Yayoi Kusama has taken over Tate Modern. Even before you enter her brilliant exhibition (which opens today!) proper you will walk across the fourth floor landing, usually a stark, minimal area. During Kusama's exhibit however, there are huge red and white spotty balls which take the space into acid trip territory. It's an ideal amuse-bouche for the exhibition itself, which I saw at Tuesday's press view. The museum has done a brilliant job of translating Kusama's key themes of proliferation, obsession and maximalism into an immersive experience for visitors. The exhibition's curator, Frances Morris, describes Kusama as 'ceaselessly productive'. It was apt then, that just as the press tour was about to begin, Kusama arrived in her polka dot wheelchair, resplendent in a red and white spotted dress, the brightest red jacket, orange Louis Vuitton bag (they're sponsoring the show) and the most scarlett hair I've ever seen. Although she's a tiny figure with a faint voice, her arrival heralded chaos, the tour was postponed while Morris walked through the show with the artist. And so everyone in attendance bustled around, resembling the kind of clustered formation which Kusama is famed for creating in her work.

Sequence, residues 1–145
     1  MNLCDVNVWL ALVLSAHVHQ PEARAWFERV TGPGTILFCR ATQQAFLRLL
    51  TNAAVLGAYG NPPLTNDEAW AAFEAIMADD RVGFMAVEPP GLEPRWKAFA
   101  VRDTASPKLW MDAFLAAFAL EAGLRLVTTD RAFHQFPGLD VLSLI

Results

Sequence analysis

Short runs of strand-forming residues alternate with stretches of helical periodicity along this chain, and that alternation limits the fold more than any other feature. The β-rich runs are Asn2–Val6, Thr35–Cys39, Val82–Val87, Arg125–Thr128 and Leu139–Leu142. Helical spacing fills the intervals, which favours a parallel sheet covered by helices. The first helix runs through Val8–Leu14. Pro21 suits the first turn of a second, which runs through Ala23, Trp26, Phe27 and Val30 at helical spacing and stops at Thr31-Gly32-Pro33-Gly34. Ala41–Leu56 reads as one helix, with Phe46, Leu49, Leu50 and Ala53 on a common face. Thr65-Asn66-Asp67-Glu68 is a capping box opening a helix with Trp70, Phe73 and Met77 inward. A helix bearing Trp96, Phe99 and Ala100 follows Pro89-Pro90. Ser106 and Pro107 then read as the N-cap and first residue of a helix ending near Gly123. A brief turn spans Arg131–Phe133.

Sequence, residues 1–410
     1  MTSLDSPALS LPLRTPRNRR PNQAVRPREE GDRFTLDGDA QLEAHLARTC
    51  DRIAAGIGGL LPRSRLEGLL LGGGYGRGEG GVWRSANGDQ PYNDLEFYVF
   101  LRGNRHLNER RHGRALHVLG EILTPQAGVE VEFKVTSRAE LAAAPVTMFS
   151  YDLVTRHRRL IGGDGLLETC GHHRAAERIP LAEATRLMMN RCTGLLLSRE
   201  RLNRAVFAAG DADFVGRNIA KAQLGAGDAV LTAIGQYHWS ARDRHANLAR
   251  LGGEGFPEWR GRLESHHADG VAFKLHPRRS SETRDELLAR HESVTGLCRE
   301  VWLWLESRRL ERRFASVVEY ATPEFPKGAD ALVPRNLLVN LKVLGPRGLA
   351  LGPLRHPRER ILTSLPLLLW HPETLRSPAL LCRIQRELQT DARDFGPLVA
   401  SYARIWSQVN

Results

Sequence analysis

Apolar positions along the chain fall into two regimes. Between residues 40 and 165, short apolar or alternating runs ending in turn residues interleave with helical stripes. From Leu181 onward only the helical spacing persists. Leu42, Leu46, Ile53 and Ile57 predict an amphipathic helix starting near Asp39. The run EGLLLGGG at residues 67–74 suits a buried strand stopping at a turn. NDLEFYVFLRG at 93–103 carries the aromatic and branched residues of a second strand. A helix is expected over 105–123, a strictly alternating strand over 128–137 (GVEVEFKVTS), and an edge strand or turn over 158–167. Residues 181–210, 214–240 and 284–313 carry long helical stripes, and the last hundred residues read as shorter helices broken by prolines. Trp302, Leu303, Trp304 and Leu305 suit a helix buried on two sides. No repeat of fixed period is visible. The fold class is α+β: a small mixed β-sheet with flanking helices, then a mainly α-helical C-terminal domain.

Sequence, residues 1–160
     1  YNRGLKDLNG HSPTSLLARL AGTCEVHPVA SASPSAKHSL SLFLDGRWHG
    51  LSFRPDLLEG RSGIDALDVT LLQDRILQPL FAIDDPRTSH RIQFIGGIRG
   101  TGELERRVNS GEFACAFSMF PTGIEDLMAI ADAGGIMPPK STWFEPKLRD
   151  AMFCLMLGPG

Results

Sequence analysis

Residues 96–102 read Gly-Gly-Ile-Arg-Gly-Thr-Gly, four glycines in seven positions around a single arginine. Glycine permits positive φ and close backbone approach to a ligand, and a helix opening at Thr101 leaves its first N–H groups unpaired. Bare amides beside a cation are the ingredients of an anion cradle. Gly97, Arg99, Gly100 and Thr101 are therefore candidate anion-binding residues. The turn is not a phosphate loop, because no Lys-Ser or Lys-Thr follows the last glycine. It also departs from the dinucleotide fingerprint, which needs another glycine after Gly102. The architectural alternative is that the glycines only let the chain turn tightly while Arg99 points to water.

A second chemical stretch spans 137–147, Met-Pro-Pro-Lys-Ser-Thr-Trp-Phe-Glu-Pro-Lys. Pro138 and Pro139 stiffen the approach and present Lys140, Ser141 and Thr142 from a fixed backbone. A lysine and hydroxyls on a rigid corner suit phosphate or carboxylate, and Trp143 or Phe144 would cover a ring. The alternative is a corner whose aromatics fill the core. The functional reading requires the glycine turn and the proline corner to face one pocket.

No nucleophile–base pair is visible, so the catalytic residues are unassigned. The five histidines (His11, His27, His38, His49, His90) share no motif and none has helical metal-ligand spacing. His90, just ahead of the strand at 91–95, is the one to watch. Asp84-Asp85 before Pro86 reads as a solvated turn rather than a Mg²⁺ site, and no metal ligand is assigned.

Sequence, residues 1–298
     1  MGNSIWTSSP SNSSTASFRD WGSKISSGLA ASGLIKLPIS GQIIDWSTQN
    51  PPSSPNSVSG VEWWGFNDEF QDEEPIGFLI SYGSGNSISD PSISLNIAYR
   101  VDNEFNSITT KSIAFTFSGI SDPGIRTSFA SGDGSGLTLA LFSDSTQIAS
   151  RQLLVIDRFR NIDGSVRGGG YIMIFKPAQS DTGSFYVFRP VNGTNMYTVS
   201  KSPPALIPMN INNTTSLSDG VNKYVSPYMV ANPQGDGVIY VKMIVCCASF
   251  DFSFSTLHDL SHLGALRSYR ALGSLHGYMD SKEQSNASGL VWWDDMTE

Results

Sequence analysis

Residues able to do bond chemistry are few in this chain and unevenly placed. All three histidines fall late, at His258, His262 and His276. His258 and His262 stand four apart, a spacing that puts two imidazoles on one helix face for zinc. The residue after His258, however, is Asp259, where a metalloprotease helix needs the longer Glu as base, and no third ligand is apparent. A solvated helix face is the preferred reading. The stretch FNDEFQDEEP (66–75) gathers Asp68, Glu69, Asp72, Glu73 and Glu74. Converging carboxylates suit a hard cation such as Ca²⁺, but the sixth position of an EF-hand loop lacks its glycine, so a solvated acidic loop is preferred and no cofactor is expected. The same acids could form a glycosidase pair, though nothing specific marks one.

|Yayoi Kusama arrives at the Tate Modern|
|The Infinity Net room- the most minimal of |
the show but beautiful studied up close.
|Walking Piece, 1966|
|Heaven and Earth, 1991|
|One of Kusama's Accumulation collages|
The boxy shape of the pink and grey phallic dress is not so different to the silhouette we often see from Marc Jacobs. The phallic theme is possibly not super commercial, however we're sensing that Yayoi likes her metallics (see silver dress and bronze shoes below) and the big flowers on the silver dress are completely fabulous.
|Silver Dress, from 1966|
|A Phallic shoe, from 1965|
|Recent paintings by Yayoi Kusama|
P.S This is a fab little film about Kusama's life as an artist...
Yayoi Kusama is on at Tate Modern from today until 5th June. Book here to avoid disappointment
All images by Fashion Junior at Large.